A panel of top scholars presents the first comprehensive collection of primary sources from Unitarian Universalist history. Spanning two volumes, each containing more than a hundred distinct selections, with scholarly introductions by leading experts.

Product Code: 6533
ISBN: 9781558967915
Format: Paperback
Pages: 588
Size: 9 x 6
Published Date: 05/26/2017
Availability:In stock
Price: $20.00

A panel of top scholars presents the first comprehensive collection of primary sources from Unitarian Universalist history. This, the second of the two-volume set, covers the history of Unitarianism, Universalism, and Unitarian Universalism from 1900 to the present, including a wealth of sources from the first fifty-five years of the Unitarian Universalist Association. From Clarence Skinner and James Luther Adams to Jack Mendelsohn and Rebecca Parker, this rich anthology features leaders, thinkers, and ordinary participants in the ever-changing tradition of liberal religion. This volume contains more than a hundred distinct selections, with scholarly introductions by leading experts in Unitarian Universalist history. The selections include sermons, theologies, denominational statements, hymns, autobiographies, and manifestos, with special attention to class, cultural, gender, and sexual diversity. Primary sources are the building blocks of history, and A Documentary History of Unitarian Universalism presents the sources we need for understanding this denomination’s past and for shaping its future.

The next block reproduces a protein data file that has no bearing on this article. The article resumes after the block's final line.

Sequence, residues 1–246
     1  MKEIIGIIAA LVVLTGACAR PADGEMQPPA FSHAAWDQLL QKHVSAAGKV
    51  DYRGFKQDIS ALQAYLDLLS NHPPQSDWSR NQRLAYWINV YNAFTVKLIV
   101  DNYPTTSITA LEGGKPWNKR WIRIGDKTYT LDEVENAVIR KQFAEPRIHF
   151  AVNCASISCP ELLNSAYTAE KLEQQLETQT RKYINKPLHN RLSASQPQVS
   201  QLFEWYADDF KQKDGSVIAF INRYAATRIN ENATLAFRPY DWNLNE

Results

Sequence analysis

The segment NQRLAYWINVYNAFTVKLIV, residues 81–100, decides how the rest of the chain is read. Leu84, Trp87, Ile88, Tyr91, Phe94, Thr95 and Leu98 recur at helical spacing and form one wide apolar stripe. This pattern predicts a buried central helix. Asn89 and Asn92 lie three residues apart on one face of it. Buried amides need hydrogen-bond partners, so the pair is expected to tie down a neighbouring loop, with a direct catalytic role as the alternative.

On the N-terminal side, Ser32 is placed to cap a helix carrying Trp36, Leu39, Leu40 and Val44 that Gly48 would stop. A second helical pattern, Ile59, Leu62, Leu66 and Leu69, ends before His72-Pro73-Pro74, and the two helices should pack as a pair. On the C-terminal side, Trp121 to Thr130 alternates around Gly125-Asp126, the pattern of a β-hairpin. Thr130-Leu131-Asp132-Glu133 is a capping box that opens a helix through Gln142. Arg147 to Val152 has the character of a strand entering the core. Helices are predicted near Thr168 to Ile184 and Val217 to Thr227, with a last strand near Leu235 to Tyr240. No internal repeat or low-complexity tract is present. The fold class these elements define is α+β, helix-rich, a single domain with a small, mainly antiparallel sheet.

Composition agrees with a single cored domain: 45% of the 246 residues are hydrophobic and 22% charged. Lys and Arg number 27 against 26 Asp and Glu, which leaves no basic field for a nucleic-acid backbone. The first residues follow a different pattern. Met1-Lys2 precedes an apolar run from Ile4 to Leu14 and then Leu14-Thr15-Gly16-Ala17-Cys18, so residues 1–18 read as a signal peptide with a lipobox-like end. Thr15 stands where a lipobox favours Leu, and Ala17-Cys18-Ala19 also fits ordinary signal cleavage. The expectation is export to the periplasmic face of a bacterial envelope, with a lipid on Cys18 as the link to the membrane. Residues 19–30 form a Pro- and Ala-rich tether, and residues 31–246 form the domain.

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Introduction to the Collection
Introduction to Volume Two

Eleanor Elizabeth Gordon, “Our Mission to Save by Culture” (1900)

Quillen Shinn, “Affirmations of Universalism” (1900)

Marion Shutter, Applied Evolution (1900)

Francis Greenwood Peabody, Jesus Christ and the Social Question (1900)

Charles W. Wendte, Report of the General Secretary of the International Council of Unitarian and other Liberal Religious Thinkers and Workers (1901)

Hajom Kissor Singh, Preamble to the Constitution of the Unitarian Union of North East India (1901)

Hajom Kissor Singh and Robin Roy, The Booklet of Brief Questions about Unitarianism (c. 1901 and 1960)

Nellie M. Stouder, “Value of the Mission Circle” (1905)

Sempo Ito, “My Religion" (1905)

Charles W. Eliot, “The Religion of the Future” (1909)

Anna Garlin Spencer, “The Vocational Divide,” in Woman’s Share in Social Culture (1913)

William Wallace Fenn, “Modern Liberalism” (1913)

Clarence Skinner, Social Implications of Universalism (1915)

May Wright Sewall, Women, World War and Permanent Peace (1915)